Gourmet mesclun lettuce has ruined my taste for the traditional iceberg lettuce and romaine salads for life. Why should I go back to those bland tasting salads when I can have great mesclun or baby lettuce salads that are brimming with flavor and nutrition? Considering how easy it is to grow these little tasty morsels in a short period of time, I am not surprised on how fast they have become popular in the world of salad eaters.
It amazes me how much mesclun costs in the stores, but I eat them anyway. However, I have discovered how great they are fresh out of my own garden and how easy they are to grow. The process is so simple anyone can grow mesclun. It can be grown in containers, raised beds, and in a regular two foot square area of your garden. Mesclun just needs cool weather and lots of moisture to grow.
Mesclun can be planted in the early to late spring and late summer to early fall. They like to germinate in cooler weather and do not grow well in hot temperatures. Mesclun can consist of wild greens, many different kinds of lettuces, arugula, endives, mustards, parsleys, fennels, escarole, and are in all kinds green and red colors.
In a regular garden, clear out a two foot square area and make sure the soil is full of hummus and rich soil. Work in a 1-1-1 organic fertilizer into the soil a week ahead of time. Water the area thoroughly as the seeds need moisture to germinate. Scatter the seeds carefully in the area cleared and cover with a dusting of moist compost or nice rich moist soil. Keep moist, but not wet; you should water with a fine spray every day that there is not any rainfall.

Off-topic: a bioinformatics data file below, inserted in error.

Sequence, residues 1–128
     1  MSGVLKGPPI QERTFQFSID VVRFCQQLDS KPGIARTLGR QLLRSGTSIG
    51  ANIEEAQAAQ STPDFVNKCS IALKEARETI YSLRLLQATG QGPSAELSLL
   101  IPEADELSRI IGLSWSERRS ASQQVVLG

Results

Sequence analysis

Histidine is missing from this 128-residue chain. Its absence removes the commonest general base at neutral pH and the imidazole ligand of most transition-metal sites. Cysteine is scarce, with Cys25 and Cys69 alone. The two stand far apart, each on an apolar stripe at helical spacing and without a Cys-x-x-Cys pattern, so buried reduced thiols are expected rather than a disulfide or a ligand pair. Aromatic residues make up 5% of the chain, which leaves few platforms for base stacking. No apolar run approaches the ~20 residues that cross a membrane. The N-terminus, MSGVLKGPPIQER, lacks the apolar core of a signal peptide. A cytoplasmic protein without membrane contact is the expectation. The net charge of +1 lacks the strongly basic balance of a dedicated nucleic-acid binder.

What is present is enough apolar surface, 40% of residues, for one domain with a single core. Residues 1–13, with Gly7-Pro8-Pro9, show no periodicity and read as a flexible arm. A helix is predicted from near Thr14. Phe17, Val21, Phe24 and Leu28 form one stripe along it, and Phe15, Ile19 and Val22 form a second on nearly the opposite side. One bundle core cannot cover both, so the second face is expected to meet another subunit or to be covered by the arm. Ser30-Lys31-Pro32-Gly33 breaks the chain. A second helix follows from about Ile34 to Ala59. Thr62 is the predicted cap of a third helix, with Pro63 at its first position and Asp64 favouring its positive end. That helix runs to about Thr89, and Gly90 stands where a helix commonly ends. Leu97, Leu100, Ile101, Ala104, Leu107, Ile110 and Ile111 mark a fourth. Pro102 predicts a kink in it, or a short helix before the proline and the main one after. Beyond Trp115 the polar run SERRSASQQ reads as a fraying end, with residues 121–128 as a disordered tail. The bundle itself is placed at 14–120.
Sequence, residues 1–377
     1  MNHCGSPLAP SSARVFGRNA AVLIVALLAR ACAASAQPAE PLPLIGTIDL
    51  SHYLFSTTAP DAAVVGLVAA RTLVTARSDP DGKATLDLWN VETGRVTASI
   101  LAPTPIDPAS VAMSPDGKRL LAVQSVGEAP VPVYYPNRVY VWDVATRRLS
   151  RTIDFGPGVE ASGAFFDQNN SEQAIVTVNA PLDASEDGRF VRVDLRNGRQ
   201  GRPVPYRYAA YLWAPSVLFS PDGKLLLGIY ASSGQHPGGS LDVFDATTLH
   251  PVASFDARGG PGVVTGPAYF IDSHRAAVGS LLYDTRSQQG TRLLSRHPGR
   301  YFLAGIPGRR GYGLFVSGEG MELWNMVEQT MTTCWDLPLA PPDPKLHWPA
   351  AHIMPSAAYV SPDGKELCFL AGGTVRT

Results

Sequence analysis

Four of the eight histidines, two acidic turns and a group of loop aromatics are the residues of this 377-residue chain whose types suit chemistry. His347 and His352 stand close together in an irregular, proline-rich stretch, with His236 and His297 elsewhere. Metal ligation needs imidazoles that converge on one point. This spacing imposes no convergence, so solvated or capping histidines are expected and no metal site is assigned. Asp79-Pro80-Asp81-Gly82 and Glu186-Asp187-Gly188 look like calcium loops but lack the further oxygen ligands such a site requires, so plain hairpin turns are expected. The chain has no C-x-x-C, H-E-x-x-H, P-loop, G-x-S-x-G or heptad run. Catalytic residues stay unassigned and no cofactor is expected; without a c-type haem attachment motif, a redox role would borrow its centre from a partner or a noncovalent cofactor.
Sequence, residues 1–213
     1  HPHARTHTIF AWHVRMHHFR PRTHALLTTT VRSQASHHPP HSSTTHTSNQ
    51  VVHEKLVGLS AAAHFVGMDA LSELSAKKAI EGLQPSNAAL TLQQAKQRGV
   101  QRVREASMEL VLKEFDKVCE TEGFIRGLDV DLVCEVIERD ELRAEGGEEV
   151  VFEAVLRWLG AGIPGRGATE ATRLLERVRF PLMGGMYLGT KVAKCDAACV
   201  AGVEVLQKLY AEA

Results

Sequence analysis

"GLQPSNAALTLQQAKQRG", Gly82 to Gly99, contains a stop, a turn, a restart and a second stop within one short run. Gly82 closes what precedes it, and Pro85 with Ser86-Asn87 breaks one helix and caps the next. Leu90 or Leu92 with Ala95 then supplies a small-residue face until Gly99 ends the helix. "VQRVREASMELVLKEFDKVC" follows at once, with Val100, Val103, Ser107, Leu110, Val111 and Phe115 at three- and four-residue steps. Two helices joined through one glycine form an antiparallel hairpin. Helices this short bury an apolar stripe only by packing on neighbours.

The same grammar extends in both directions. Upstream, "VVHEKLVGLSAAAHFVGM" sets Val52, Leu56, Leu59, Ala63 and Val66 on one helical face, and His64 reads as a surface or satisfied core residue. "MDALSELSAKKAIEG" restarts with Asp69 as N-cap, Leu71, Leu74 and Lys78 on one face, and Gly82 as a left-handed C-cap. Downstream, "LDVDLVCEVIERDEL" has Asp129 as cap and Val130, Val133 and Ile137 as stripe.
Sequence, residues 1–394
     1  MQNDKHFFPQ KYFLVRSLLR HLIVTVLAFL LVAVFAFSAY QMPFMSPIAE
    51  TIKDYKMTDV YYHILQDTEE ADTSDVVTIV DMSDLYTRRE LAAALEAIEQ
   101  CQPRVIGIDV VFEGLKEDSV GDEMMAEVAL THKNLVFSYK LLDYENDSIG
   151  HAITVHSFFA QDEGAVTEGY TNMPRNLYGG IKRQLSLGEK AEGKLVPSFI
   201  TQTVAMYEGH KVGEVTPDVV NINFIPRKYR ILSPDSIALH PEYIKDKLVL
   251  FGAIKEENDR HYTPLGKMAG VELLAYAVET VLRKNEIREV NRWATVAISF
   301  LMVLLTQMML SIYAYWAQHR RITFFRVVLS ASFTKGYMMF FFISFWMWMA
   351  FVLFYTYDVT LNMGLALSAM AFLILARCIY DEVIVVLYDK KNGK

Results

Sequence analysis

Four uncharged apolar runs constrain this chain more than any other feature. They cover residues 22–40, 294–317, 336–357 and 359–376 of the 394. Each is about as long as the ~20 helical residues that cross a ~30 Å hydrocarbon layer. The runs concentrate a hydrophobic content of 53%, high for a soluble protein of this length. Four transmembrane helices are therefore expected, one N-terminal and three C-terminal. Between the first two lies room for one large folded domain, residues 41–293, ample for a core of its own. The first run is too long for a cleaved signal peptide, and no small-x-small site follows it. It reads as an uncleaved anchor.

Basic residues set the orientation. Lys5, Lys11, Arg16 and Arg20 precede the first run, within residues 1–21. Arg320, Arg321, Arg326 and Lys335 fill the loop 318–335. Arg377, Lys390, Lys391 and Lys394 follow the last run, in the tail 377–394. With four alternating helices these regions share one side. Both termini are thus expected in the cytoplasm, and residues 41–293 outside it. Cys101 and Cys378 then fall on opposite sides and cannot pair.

You can scatter the seeds by hand in a raised bed or container also. It is better than keeping the mesclun confined to a square foot or two area. Your production will be higher. When using a container, you want the best soil on top as the roots do not grow deep. When the seedlings are a few inches high, thin so there is an inch of room between them. However, use the thinned out leaves in a nice fresh salad.
When you harvest the mesclun, it should be 5-8 inches tall and cut the leaves off an inch above the soil. This will keep the plant’s crown from being harmed and encourage new growth. You can get a few more re-growths if you fertilize and keep them moist. After cutting put the leaves directly into a bowl of cold water to clean them off. This will give you the opportunity to check for insects and damaged leaves.
When serving, use a light dressing as a heavy one will be overwhelming to the leaves. I have a favorite salad recipe using mesclun.
MESCLUN AND PEAR SALAD FOR TWO:
* Pick enough mesclun for two people
* Kirby cucumber sliced very thin
* Pear – slice very thin
* Fresh tomato cut into small pieces or a handful of grape tomatoes
* Half cup of black olives
* Half a cup of canned chick peas
* One half of an avocado sliced thin
* Bits of apple slices to add more flavor (optional)
* Shredded cooked and cold chicken (optional)
Mix all the ingredients together except for the avocados, pear, and chicken. Toss gently. Then mix a light balsamic vinegar dressing in and toss gently again. Spread the chicken on top if you are using it. Then arrange the avocado and pear slices in a decorative manner on top of the salad. Drizzle a bit of olive oil and balsamic vinegar on the fruit and you have a great tasting romantic salad for two.
Mesclun greens are seemingly a luxury that is beyond our reach most of the time, but in the spring and fall you can grow and enjoy your own succulent leaves.
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